Enter General Petraeus. Obviously, Petraeus has the credentials to lead. He turned the war around in Iraq. McChrystal, however, was Petraeus’ hand-picked man in Iraq. McChrystal’s covert experience, solid leadership skills, ability to galvanize rapport with both Afghanistan’s political hodge-podge and our soldiers serving in-country, understanding of the situation on the ground, and – bluntly – his “take no prisoners” cut-throat nature is exactly what we need in Afghanistan. Certainly, in terms of strict professionalism McChrystal can’t hold a candle to Petraeus. But, our enemy is not professional. They are a ruthless rabble with boundless √©lan.

David Petraeus is an astute practitioner of modern military art but I don't think he is an ass-kicker.

Politically, it was next to impossible for Obama to leave the general in command after the Rolling Stone article. Yet, at the same time, the fact remains that Obama allowed a magazine to dictate his war effort. That does not bode well for the future in my opinion. It is a reflection on our own superficial nature as a people. There might well be a comparable price to pay for this. Often, the most vivid test of leadership is to do the unpopular.

Keeping McChrystal would have cost Obama dearly at a time when he has cashed in his political chips on a pointless
economic stimulus and health care reform. The president is bogged down in a bad economy and major environmental disaster in the Gulf. The McChrystal article unfortunately arrived during “the perfect storm” so he was dismissed, much to the glee of Islamic extremists. One measure of how sound a decision is by the way the enemy responds to it.

We will get what we ask for as a weak consumerist society of convenience. Our leadership will appear more professional but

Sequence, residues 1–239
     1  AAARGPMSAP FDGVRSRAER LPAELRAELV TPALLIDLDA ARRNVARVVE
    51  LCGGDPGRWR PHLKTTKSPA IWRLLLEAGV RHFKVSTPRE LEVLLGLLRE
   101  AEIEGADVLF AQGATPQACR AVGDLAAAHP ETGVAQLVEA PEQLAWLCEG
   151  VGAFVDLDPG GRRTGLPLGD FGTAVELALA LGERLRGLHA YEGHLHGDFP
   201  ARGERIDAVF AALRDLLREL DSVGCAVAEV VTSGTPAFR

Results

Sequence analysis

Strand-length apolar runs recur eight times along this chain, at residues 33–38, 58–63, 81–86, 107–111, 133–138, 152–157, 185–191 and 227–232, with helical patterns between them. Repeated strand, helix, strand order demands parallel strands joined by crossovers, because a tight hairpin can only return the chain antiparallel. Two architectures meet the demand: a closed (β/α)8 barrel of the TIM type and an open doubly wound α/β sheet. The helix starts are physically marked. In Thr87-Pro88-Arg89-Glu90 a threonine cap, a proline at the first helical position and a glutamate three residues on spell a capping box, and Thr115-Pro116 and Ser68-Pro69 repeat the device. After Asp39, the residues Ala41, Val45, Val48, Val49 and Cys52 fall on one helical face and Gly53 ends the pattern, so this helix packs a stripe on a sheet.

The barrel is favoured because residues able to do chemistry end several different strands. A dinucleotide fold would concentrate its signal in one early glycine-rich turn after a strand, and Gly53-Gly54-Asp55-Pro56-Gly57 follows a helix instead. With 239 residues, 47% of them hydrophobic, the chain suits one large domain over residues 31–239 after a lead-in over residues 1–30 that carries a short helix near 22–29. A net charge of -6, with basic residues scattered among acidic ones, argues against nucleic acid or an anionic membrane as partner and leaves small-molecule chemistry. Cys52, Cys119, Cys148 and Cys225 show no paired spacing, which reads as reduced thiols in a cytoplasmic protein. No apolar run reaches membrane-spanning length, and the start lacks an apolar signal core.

there are serious rifts. The underlying McChrystal frustration was not based on a fairy tale. We are a society where reality TV means that we no longer watch television, it watches us. And where journalists no longer report the news, they make it. The McChrystal story was basically nothing more than a report about private jokes made by staffers reflecting frustration. In that sense the media of our society has become the worst joke of all. Hastings chose to elevate the common, flip attitude of precision military killers over and above the importance of the mission they were setting up. Hastings reported the trivial at the expense of the critical.

There is a lot of blood here on a lot of different levels, physical to poltical to practically philosophical. And most of it is on Michael Hastings hands.

How much more screwed up can things get than that? McCrystal is a killing general and he takes out what he wants to one piece at a time. Hussein,
Abu Musab al-Zarqawi, a few more, then dozens at a time. At the same time you endear yourself to their cultures as much as possible. That is how you deal with the terrorism. This is why McChrystal could not tolerate Biden's view of counterinsurgency.

Who knows? We might get to see how
Joe's way would work yet.

Sitting on our porch in the dark, listening to tonight's sounds, Jennifer summarized the situation well after we discussed it. "It's all about how good you look." Amen to that. And too bad.

Late Note: This article appeared the next day, after this post.